Venezuela’s President Hugo Chavez greets (L) Iran’s Foreign Minister Manouchehr Mottaki at Miraflores Palace in Caracas April 20, 2007.
A former engineer at the largest U.S. nuclear power plant was arrested on suspicion of taking software codes and using them to download details of plant control rooms and reactors while in Iran, officials said on Saturday.
The software involved was used to train plant operators and there was no indication of a terrorist connection, said Deborah McCarley, an FBI spokeswoman in Phoenix.
There have been a goodly number of Iranian nationals who have gained United States citizenship since the Islamic Revolution of the late 1970’s.
Flap suggests we are at war with Iran and background checks must be scrutinized like those in the Cold War.
The FBI arrested Mohammad Alavi, who worked at the Palo Verde Nuclear Generating Station outside Phoenix, earlier this month at Los Angeles International Airport when he arrived on a flight from Iran, she said.
He is charged with a single count of violating a trade embargo that bars Americans from exporting goods and services to Iran.
Electronic records show that Alavi’s name and password were used to download software registration in October 2006 from a computer in Tehran, according to an FBI affidavit.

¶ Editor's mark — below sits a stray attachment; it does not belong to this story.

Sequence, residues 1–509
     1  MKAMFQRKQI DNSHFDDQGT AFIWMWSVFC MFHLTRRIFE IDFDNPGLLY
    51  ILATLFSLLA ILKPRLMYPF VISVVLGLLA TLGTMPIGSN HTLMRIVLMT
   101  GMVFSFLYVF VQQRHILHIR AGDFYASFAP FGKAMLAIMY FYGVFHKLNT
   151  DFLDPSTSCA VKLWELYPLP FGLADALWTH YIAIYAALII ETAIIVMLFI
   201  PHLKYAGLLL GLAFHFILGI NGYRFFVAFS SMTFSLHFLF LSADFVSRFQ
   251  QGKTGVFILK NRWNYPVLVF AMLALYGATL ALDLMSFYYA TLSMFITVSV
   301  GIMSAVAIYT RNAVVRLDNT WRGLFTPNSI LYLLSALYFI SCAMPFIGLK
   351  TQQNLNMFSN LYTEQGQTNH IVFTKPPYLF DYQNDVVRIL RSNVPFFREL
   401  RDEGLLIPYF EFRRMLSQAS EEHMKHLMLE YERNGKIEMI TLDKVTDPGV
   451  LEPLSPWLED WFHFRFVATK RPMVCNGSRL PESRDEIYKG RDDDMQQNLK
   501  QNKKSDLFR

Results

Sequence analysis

Alavi, 49, a U.S. citizen who was born in Tehran, denies wrongdoing, his lawyer, Milagros Cisneros, told the Arizona Republic newspaper.
On Friday a federal judge in Phoenix denied Alavi bail, saying he posed a substantial flight risk, the newspaper reported.
Alavi is accused of removing the software — which mimics plant operations — before he quit his job at Palo Verde last August. Export of the software, without prior authorization, is illegal, according to the affidavit.
Alavi faces up to 21 months in prison if convicted of the charge, according to the Arizona Republic.
Lock this idiot/traitor away and scrutinize (spelled profile) other nuclear workers.
Of course, Mohammad pled not guilty.
The Natanz uranium enrichment complex in Natanz is pictured in this January 2, 2006 satellite image.
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